Well, It’s the end of January and I feel as if I’ve been spinning my wheels in the self-promotion game. I thought the hardest part about writing a book was the actual writing of it. Then reality set in, and I realized after I wrote and polished it to gleaming perfection, I had to sell my opus to a publisher or publish it myself. The thought of self-publishing scared me because of the costs and time involved, but eventually, I realized it wasn’t that bad. I’ve published three books on my own–quite proud of that, but the bottom line is the same whether you have a publisher or do it yourself.
Once you sell the book, it comes back for editing. Whether you’re uploading it to Kindle or Createspace or sending it back to an editor, you’re making changes–sometimes minor, sometimes major. WOW! Can that be an eye opener. At times, as you struggle with all the suggested changes, you have to ask yourself if there was so much wrong with the book, why did they buy it in the first place? Eventually, everything gets fixed and edited, a cover is designed and a release date chosen. You proof your book, searching for the elusive typos, which you never completely eradicate, and then wait for release day.
Yay! You did it. You wrote a book. So why aren’t people clamoring to buy it? The answer is simple. They have hundreds of thousands to choose from. Why should they pick yours?
After two years as a bona fide author, I have 9 books out under my own name as well as a short story, and 2 books out as Misty Matthews, the pen name I use as a coauthor, and I don’t know how to promote myself to save my soul. I have all the necessary social media sites, I try to get on them each day, but I feel as if I’m flogging a dead horse. The same people are subjected to my posts every day, whether it’s the 1084 people on Twitter, the 1651 who follow me on Facebook , or the 2200 who’ve stopped by my wedpage this month, and I feel incredibly guilty for bombarding them this way. My apologies, people.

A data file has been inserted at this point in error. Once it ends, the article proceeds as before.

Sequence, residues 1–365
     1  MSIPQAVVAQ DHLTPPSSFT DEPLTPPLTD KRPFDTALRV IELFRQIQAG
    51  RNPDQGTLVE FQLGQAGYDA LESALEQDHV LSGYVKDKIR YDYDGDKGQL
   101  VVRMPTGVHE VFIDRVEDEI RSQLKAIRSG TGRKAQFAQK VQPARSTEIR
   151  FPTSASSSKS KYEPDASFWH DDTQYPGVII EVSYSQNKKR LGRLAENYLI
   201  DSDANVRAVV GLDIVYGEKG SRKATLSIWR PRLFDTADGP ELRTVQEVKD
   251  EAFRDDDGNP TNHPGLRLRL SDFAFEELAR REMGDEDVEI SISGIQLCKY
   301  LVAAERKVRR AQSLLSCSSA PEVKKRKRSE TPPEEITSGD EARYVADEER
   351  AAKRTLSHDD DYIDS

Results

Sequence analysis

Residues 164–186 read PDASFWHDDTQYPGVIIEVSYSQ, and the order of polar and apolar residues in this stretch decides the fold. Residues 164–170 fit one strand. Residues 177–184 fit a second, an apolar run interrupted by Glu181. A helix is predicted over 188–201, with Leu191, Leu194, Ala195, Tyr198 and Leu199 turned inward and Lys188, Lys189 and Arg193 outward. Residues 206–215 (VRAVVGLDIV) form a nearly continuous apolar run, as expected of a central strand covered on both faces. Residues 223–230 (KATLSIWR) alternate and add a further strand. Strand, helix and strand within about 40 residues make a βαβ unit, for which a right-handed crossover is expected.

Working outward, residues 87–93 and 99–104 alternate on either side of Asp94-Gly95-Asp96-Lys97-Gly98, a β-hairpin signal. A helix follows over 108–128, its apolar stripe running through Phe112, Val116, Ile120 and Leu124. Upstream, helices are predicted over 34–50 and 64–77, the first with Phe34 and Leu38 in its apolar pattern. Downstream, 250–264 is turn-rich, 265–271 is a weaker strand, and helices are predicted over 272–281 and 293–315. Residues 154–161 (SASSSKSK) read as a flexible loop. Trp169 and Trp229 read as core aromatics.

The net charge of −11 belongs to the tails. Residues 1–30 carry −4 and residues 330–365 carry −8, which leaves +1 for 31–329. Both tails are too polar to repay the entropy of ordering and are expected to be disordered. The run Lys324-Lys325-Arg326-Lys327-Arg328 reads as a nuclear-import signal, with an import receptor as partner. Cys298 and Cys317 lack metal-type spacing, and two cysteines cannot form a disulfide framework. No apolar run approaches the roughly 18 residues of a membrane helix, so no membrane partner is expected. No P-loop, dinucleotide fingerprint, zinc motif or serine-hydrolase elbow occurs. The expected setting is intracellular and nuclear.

The other way I get my views and books out there is by hosting other bloggers and having them host me in return. Does this get my name out there? Does it generate sales? I don’t know, and I have no way of discovering the truth.
This week, I tried something new. I took one of my self-published books and offered it free for 5 days. As of one o’clock this afternoon, 1288 people had downloaded my book. Do I expect all those people to read the book? No, not really, but I hope those who do will like it and maybe buy another one of my books. When will I know if this promotion succeeded? I don’t know, but I’m at my wit’s end. Promo is hard work. I don’t know how to go about it successfully. My solution’s going to be to keep writing and hope one of these days, I write the book that will grab everyone’s attention. Others have done it–so can I.
So, if you read this before midnight, January 30, 2015, go over to Amazon and pick up your free copy of The Captain’s Promise. If you miss the time frame, comment here, and I’ll see what I can do for you.